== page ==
Some of the Bcl-2 inhibitors (that have been) developed are a group of natural or synthesized compounds that target anti-apoptotic Bcl-2 family members especially Bcl-2 and Bcl-xL. ABT-263, also known as Navitoclax, is an orally available analog of ABT-737, which can bind to Bcl-2 and Bcl-xL, but not Mcl-1 [4]. Several studies have shown that ABT-263 exerts optimistic anti-tumor effects, especially in haematological malignancies and non-small cell lung cancer [11]. Furthermore, ABT-263 is now in phaseII clinical trials for several types of tumor with initial results [12, 13]. However, previous studies have shown that ABT-263 upregulates Mcl-1 protein, which ultimately contributes to drug resistance [14, 15].

Mcl-1 is an important anti-apoptotic protein that mainly distributes in mitochondria and cytoplasm. Mcl-1 exerts anti-apoptotic effects by interacting with pro-apoptotic proteins such as Bim, Noxa, Bak and Bax. Also, Mcl-1 may function by facilitating normal mitochondrial fusion, ATP production and respiration [16]. Therefore, Mcl-1 protein level is elaborately regulated in both normal and tumor cells [17], among which phosphorylation modification is a quite significant way. Others reporting results and our previous data have shown that ABT-263 upregulates Mcl-1 in HCC cells, which is the crucial reason for ABT-263 resistance in cancer therapy. However, the associated mechanisms are not well known [14, 18]. In the present study, we for the first time demonstrated that ABT-263 upregulated Mcl-1 by enhancing the stability of both Mcl-1 mRNA and protein, which contributed to ABT-263 resistance in HCC cells. Moreover, inhibition of ERK, JNK or Akt activity sensitized ABT-263-induced apoptosis. This study may provide novel insights into the Bcl-2-targeted cancer therapeutics.

Results

Upregulation of Mcl-1 is correlated with ABT-263 resistance in HCC cells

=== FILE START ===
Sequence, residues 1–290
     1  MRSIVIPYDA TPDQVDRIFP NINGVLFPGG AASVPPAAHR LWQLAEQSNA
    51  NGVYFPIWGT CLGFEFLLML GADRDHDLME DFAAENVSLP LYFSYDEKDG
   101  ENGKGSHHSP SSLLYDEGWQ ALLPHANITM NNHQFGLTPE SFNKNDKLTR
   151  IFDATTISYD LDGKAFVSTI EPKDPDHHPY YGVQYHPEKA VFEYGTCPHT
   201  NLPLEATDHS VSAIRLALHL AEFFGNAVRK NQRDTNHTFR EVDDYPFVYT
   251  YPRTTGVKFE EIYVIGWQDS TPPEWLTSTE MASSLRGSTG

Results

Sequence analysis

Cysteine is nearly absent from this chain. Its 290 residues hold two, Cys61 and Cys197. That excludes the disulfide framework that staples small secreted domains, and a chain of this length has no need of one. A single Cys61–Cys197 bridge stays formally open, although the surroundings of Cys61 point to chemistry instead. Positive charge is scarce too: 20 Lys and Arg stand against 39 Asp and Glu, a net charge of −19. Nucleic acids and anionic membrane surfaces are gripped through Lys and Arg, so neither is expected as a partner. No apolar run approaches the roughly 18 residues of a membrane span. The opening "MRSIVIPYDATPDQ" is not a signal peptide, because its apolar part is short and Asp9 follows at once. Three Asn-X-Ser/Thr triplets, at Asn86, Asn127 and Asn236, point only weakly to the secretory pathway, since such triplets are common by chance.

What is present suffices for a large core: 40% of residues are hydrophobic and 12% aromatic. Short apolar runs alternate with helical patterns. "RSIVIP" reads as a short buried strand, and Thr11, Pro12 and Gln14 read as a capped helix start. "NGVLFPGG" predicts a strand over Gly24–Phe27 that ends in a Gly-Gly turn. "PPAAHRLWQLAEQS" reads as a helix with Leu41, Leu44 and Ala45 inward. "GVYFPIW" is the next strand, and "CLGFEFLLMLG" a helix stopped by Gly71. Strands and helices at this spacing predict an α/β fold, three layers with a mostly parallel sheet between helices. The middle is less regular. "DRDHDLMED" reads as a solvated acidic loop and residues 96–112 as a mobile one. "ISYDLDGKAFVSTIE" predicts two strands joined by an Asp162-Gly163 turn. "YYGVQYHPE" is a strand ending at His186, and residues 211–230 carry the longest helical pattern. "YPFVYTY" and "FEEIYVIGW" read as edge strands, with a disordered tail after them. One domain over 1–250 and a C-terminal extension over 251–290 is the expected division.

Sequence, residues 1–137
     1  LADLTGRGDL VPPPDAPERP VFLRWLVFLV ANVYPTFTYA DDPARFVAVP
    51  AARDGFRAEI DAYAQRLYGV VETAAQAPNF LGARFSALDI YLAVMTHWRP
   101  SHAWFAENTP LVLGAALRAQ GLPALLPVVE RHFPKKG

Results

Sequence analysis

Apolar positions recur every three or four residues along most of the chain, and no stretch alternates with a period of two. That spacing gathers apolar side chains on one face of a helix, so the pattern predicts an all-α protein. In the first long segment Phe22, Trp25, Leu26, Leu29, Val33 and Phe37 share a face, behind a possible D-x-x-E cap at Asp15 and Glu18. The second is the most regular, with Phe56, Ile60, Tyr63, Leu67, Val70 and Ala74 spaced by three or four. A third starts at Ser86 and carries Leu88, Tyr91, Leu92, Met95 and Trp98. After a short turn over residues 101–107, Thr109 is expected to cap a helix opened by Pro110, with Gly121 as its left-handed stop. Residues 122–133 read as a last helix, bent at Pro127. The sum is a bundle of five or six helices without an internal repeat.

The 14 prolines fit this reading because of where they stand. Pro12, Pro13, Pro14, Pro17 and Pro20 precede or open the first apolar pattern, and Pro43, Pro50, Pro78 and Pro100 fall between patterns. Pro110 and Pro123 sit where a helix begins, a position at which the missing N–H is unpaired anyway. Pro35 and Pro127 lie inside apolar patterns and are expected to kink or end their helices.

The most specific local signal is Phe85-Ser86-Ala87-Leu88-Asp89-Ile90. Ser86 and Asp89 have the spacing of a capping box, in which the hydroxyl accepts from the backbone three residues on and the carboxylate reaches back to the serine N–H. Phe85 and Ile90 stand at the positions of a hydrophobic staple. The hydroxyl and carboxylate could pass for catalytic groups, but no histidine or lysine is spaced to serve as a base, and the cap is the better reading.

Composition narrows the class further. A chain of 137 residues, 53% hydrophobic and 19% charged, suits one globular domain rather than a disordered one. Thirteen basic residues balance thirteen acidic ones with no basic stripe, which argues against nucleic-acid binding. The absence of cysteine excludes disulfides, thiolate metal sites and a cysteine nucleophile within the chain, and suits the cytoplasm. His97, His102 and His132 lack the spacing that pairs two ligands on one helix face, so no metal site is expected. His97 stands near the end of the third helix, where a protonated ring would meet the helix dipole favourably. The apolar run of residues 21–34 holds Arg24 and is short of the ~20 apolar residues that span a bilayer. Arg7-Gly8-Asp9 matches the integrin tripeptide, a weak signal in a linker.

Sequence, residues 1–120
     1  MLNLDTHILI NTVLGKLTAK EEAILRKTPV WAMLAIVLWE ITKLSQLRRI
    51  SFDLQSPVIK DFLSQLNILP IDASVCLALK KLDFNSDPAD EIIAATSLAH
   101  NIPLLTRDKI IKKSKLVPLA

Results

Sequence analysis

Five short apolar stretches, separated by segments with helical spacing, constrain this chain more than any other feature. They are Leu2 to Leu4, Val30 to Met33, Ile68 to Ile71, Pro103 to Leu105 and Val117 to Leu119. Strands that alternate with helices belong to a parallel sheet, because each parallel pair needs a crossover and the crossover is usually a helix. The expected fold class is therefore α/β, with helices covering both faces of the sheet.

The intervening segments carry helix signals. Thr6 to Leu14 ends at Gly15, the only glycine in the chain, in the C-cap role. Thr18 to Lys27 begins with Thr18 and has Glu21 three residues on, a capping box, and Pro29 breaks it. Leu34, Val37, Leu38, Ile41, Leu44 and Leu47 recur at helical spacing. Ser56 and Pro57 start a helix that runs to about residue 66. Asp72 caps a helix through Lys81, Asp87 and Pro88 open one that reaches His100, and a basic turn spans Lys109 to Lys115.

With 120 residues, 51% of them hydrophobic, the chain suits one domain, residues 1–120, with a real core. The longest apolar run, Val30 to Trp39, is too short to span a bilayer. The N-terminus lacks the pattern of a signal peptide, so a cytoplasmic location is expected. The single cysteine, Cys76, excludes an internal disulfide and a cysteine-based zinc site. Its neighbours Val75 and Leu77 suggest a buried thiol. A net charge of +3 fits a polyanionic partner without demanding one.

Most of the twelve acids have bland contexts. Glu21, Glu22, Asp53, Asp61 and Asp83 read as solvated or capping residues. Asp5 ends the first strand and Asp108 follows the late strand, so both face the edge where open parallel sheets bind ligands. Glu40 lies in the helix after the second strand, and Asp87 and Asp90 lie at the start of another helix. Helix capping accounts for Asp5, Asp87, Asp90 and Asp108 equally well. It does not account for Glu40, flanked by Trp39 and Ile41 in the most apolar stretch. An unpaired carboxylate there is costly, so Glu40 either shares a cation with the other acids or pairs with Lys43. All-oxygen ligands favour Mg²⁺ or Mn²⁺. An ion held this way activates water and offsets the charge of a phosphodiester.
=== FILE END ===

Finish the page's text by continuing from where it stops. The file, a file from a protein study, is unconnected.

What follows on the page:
Firstly, the expression levels of anti-apoptotic Bcl-2 family members Bcl-2, Bcl-xL and Mcl-1 were analyzed with Western blot in HCC cell lines PLC/PRF/5, Hep3B, HepG2 and Huh7. As shown in Figure 1A, Mcl-1 was highly expressed in all four HCC cell lines, but the levels of Bcl-2 and Bcl-xL differed. Hep3B cells had low level of Bcl-xL and Huh7 cells had almost no detectable Bcl-2. Upon treatment with ABT-263, the level of Mcl-1 increased dramatically in all HCC cell lines, but the levels of Bcl-2 and Bcl-xL did not change significantly (Figure 1B). Another Bcl-2 inhibitor AT-101 had similar effect on Mcl-1 expression in HCC cells (Additional file 1: Figure S1). To test whether the upregulation of Mcl-1 is affected by Bcl-2 level, we knocked down Bcl-2 in Hep3B cells and overexpressed it in Huh7 cells, respectively. As shown in Figure 1C, the level of Mcl-1 remained unchanged upon Bcl-2 downregulation or overexpression. Similar results were also found when Bcl-xL was knocked down in Huh7 cells or overexpressed in Hep3B cells (date not shown). These results indicated that ABT-263-induced Mcl-1 upregulation was independent of the levels of Bcl-2/xL in HCC cells. Furthermore, consistent with previous reports [1921], Mcl-1 knockdown significantly enhanced the cytotoxicity of ABT-263 in HCC cells (Figure 1D and E). The above data indicated that the drug resistance of ABT-263 was, at least partially, mediated by Mcl-1 upregulation, which was not associated with the expression levels of Bcl-2/xL in HCC cells.